Artists use graffiti to tell Egypt revolution’s stories


AlJazeeraEnglish
Running south from Tahrir Square toward Egypt’s interior ministry in central Cairo, Mohamed Mahmoud street has become one of the revolution’s most violent battlegrounds. Twelve people died in the area during February street battles between protesters and police stemming from a deadly football riot in Port Said.

With the neighbourhood calm, at least for the moment, Mohamed Mahmoud now serves as a canvas for some of Egypt’s most creative revolutionary street art.

Murals portraying the revolution’s dead as martyrs and the military as a predatory monster spread along walls next to figurative paintings that draw inspiration from millenia-old pharaonic art. Nearby, the artists debate with anxious business owners, and the revolution continues.

Al Jazeera’s Rawya Rageh reports from Cairo.

Egyptians protest against a year of army rule

Afrasian.com: “Egyptians rally against defiant military rulers”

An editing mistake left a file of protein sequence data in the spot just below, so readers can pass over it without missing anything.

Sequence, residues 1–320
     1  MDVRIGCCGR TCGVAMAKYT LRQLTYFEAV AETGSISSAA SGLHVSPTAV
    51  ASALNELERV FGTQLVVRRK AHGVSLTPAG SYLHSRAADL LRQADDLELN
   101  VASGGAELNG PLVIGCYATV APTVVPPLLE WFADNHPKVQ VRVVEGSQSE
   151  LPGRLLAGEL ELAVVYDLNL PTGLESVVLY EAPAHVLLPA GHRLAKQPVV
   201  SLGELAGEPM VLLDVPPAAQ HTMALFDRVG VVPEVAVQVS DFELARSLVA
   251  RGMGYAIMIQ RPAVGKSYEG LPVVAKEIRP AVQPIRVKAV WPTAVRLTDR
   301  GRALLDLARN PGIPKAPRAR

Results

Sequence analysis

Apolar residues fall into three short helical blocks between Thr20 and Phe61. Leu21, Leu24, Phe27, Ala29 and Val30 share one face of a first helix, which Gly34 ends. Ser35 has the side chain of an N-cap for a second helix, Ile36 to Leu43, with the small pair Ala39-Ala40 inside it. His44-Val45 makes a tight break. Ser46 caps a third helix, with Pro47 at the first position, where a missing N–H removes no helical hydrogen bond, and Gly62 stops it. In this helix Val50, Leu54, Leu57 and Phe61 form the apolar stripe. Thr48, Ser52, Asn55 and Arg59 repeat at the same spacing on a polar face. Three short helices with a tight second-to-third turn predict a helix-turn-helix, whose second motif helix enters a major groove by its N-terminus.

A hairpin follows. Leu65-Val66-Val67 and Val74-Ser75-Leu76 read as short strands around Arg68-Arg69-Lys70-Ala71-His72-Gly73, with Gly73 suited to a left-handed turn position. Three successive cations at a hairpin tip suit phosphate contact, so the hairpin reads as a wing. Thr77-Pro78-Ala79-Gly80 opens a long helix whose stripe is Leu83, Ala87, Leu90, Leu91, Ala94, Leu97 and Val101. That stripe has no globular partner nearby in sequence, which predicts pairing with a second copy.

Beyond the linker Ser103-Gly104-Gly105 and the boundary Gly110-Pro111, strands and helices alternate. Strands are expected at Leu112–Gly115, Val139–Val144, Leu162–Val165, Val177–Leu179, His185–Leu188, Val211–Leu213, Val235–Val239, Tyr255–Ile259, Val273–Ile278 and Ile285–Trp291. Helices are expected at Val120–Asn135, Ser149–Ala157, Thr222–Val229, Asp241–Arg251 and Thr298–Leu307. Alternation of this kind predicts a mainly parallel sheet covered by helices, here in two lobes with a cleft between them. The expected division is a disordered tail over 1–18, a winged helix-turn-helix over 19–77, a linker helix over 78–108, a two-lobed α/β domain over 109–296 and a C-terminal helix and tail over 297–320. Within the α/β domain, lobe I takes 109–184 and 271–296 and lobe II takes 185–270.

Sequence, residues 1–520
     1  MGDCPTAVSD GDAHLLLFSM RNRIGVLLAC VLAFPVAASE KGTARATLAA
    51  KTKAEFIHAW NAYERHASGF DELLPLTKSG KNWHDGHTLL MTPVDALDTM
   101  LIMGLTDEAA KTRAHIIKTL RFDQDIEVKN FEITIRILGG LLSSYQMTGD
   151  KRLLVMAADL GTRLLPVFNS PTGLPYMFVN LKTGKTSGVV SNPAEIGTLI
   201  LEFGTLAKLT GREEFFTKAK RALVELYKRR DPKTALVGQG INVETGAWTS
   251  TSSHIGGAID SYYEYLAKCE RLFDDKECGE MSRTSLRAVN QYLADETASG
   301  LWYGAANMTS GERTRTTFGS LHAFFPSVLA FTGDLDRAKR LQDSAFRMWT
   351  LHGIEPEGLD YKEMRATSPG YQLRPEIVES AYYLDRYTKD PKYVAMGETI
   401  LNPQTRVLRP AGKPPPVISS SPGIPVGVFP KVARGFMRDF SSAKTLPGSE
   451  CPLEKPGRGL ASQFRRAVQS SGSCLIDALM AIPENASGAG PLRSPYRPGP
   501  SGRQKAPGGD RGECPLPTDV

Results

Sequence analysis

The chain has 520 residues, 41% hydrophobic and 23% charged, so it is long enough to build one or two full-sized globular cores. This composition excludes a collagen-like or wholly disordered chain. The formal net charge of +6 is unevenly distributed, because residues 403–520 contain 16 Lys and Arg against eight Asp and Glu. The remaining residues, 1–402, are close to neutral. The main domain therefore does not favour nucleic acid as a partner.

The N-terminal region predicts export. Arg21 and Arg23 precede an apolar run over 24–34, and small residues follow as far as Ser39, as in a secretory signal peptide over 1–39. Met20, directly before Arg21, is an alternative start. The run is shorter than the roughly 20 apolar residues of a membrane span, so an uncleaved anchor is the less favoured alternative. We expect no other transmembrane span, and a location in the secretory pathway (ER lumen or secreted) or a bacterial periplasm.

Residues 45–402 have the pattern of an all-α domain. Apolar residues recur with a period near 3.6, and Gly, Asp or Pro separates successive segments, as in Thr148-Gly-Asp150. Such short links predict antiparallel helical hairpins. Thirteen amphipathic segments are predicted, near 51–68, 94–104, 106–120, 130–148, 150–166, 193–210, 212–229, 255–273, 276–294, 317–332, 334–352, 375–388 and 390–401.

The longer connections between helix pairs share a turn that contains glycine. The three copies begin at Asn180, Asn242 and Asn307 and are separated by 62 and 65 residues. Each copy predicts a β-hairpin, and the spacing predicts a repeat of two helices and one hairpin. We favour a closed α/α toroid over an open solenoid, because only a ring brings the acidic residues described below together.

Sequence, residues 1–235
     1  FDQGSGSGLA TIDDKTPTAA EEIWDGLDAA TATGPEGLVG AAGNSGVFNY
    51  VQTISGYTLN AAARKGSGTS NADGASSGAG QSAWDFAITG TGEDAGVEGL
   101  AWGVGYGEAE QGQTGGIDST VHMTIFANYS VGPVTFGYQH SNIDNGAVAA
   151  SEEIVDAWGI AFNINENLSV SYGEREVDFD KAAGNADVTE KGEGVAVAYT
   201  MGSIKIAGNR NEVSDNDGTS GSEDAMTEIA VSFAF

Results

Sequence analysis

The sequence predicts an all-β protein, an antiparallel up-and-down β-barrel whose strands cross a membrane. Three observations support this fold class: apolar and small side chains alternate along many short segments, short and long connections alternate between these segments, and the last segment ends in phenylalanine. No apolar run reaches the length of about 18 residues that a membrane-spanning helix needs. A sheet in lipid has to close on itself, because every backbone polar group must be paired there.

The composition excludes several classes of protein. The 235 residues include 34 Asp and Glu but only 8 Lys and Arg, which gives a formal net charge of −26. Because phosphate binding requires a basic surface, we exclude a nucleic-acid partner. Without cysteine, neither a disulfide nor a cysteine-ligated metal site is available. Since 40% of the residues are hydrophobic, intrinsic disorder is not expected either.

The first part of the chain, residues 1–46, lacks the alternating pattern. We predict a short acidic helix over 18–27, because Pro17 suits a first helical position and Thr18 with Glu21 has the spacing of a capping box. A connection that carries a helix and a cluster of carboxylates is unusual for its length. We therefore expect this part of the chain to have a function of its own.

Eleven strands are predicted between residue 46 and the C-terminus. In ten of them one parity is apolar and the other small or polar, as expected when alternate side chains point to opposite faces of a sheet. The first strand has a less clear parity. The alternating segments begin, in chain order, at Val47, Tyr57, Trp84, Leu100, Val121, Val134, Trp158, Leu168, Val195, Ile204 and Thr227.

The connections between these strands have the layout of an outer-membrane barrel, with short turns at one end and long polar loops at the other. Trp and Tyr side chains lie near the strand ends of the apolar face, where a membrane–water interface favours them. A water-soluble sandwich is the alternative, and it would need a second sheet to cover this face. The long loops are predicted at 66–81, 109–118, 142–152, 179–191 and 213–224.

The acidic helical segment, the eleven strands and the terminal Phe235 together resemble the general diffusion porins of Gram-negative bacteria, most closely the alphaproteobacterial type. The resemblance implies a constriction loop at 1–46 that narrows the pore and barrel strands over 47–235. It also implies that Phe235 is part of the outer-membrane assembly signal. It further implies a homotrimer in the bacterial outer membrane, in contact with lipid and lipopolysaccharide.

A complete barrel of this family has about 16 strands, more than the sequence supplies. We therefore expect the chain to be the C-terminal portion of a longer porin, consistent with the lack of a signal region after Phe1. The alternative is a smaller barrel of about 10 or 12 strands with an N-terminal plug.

Egyptian military policement lined up behind barbed wire

Thousands of people rallied outside Egypt’s defence ministry Friday calling for the military rulers’ ouster a day before a civil disobedience campaign marking Hosni Mubarak’s overthrow a year ago.

The military responded by saying it would not bow to threats or plots against the state, official television reported.

During the day, several groups of protesters converged near the ministry as the security forces blocked off access with barbed wire and tanks.

Military music blared from behind the barrier, while the activists chanted slogans such as: “The people want the execution of the Field Marshal” — Hussein Tantawi, head of the ruling military council since Mubarak’s ouster.

The activists set off from several points across Cairo and snaked through residential areas to bypass military cordons several kilometres (miles) from the military headquarters.

The protesters plan a day of strikes and sit-ins to mark the anniversary on Saturday. Continue reading